Hello everyone, Richard Campbell here from Campbell & Associates based in Vancouver, BC. I am not only the host of RunAs Radio (www.runasradio.com) but also a Microsoft Regional Director and MVP.
It’s fun being an IT consultant during boom times – my clients are only focused on getting more customers, expanding territories and getting new products to market. There’s no time to worry about costs, it’s time to spend and grow. Speed to market is key and building in lots of capacity so that you can keep serving your new markets is essential.
Looks like that fun is over for the moment, and I’m back in a role I’m comfortable with also: Focusing on return on investment. When the boom times end, it’s time to get back to efficiency and profitability. And there’s lots to do. Whether my clients are technology centric (a company with a retail web site) or technology supported, IT can play a huge role in making the business more profitable and more efficient. Apparently I’m not alone, according to a survey commissioned by Microsoft’s Server & Tools Business (www.microsoft.com/infrastructure) the majority of IT professionals recognize that improving end-user productivity is a key reason for innovation in IT.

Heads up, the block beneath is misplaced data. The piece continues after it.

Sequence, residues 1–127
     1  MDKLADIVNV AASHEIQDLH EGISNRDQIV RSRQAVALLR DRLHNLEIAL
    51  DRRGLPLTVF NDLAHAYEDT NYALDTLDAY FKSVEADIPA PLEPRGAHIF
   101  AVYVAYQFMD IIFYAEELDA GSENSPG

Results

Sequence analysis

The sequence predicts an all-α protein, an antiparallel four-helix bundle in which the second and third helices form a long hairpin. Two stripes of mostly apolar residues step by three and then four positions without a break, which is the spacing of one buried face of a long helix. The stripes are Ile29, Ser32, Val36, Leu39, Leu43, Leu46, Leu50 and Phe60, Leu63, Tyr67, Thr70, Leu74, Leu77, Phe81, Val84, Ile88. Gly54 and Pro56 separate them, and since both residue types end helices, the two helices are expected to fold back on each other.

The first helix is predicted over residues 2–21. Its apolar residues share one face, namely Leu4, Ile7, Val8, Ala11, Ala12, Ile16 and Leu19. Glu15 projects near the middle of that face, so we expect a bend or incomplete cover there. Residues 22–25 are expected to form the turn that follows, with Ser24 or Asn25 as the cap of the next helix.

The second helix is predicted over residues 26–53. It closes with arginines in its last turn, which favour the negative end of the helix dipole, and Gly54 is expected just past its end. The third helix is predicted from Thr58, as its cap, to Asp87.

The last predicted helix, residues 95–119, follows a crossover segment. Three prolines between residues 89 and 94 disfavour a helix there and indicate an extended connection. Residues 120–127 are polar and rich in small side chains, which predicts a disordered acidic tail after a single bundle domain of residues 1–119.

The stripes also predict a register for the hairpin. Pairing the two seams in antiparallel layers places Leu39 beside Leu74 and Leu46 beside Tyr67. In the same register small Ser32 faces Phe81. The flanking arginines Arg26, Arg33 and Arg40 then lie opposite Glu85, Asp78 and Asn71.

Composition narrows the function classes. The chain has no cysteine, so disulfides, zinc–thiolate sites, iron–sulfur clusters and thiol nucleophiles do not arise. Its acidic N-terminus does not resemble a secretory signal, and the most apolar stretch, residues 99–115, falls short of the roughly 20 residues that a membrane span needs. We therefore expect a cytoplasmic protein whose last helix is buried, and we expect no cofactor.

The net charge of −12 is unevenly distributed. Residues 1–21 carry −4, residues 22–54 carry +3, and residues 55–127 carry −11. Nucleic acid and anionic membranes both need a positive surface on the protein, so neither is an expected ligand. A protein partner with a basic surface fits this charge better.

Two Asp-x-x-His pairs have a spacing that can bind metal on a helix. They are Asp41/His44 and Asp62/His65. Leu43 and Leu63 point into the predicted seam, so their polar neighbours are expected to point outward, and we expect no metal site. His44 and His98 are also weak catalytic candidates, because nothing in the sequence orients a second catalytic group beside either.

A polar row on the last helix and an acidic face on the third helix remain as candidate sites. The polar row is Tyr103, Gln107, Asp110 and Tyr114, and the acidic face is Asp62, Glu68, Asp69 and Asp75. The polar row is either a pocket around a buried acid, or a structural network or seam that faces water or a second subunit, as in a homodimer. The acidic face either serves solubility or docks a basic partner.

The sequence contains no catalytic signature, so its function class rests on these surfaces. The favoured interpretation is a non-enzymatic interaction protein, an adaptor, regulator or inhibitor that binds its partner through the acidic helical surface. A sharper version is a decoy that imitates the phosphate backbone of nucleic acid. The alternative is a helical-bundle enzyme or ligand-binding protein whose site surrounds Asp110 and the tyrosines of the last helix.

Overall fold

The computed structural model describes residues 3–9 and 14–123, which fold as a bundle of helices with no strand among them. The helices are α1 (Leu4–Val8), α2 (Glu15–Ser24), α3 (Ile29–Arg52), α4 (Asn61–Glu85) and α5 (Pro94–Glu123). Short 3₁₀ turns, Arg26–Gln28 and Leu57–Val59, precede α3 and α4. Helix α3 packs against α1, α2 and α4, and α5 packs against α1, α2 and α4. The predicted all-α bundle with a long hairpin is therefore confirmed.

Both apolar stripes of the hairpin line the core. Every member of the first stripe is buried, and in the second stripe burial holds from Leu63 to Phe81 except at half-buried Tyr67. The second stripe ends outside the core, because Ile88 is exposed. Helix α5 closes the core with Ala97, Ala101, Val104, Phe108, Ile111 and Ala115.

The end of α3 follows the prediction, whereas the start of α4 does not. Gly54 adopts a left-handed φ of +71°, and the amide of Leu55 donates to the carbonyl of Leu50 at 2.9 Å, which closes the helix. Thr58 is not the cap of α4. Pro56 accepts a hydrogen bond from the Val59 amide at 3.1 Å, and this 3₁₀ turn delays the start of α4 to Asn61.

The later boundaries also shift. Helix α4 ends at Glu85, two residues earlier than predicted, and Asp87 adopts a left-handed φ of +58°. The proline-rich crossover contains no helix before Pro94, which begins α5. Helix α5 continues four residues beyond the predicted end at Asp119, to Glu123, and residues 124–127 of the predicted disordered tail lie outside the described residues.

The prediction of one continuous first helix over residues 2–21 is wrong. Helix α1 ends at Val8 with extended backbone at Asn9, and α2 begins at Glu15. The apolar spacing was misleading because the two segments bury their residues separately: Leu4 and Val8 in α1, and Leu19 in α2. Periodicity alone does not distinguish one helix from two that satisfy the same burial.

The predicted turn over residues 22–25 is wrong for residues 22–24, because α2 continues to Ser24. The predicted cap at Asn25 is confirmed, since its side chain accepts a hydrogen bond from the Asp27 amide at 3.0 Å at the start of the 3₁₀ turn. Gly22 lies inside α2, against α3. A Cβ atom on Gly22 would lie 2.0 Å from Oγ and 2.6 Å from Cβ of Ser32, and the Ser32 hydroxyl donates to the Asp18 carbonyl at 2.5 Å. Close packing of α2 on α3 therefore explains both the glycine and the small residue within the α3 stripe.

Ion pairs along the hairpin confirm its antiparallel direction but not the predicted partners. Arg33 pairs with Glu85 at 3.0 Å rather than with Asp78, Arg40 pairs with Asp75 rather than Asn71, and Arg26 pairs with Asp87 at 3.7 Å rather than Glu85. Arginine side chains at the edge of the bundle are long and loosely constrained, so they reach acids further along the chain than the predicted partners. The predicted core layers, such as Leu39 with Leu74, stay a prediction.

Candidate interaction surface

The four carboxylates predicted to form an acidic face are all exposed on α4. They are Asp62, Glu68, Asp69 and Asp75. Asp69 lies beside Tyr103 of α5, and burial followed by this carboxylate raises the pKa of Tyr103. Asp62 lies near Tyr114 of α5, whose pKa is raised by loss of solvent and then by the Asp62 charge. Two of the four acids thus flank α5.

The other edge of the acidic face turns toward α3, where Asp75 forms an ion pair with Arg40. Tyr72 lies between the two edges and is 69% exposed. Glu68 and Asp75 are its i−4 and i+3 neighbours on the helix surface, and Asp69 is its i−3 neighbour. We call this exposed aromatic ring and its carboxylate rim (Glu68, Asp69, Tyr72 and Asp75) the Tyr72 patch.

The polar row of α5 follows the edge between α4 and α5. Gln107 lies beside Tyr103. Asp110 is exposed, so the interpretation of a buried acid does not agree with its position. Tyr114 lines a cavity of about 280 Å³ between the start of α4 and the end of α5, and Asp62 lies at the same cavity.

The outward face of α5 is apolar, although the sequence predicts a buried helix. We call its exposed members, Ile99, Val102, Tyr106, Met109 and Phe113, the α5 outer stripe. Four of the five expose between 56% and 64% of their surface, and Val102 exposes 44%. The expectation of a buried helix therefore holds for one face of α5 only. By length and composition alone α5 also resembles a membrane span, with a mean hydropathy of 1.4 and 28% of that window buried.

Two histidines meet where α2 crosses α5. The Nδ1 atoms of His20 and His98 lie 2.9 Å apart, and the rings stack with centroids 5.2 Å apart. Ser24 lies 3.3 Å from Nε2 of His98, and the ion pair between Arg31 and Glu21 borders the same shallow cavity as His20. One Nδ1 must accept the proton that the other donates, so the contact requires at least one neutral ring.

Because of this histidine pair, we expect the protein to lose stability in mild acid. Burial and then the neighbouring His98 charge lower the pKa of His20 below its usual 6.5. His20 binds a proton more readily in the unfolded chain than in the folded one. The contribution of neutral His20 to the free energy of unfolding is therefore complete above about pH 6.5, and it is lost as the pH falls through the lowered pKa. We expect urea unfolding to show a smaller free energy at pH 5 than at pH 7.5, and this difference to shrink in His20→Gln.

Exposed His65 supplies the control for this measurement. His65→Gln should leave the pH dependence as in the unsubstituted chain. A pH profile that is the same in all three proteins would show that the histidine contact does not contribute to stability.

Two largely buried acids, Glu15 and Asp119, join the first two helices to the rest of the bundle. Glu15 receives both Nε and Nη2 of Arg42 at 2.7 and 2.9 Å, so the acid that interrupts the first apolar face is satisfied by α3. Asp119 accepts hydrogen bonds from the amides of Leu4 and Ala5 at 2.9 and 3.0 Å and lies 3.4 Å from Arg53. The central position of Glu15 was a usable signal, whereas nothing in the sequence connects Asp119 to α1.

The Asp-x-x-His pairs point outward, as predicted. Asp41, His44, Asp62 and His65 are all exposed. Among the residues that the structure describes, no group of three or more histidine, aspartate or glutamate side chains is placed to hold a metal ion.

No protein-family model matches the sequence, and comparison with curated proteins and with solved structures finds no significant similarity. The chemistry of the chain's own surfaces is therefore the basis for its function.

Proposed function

Ultimately, information technology can benefit a business two ways: It can improve the performance of the business by making it possible for more revenue to be generated for the same cost or the same revenue for less cost. A new order entry system might allow sales clerks to process two hundred orders in a day where they used to only process one hundred – that’s a great boost in efficiency and profitability. The other benefit technology can bring to a company is better instrumentation: Allowing the management of the business to see more clearly where revenue is made and expenses are incurred. This information then is turned into changes of behavior that increase the profitability of the business.
In an economic downturn, the challenge for the IT Pro is getting back to the concepts of return on investment for technology. This involves studying in detail how the business makes money and where the expenses are incurred. Once those facts are known, then the next step is to find opportunities to improve. It’s really as simple as that. However, the challenge is gathering those core facts – perhaps a better instrumentation system is needed to be able to find opportunities to improve. Maybe that means you need a consultant to help guide the way, or you have the skills in-house, either way the job is clear: spend smarter, not smaller. Don’t focus only on reducing your spend, but on spending on the things that makes your company more profitable and more efficient.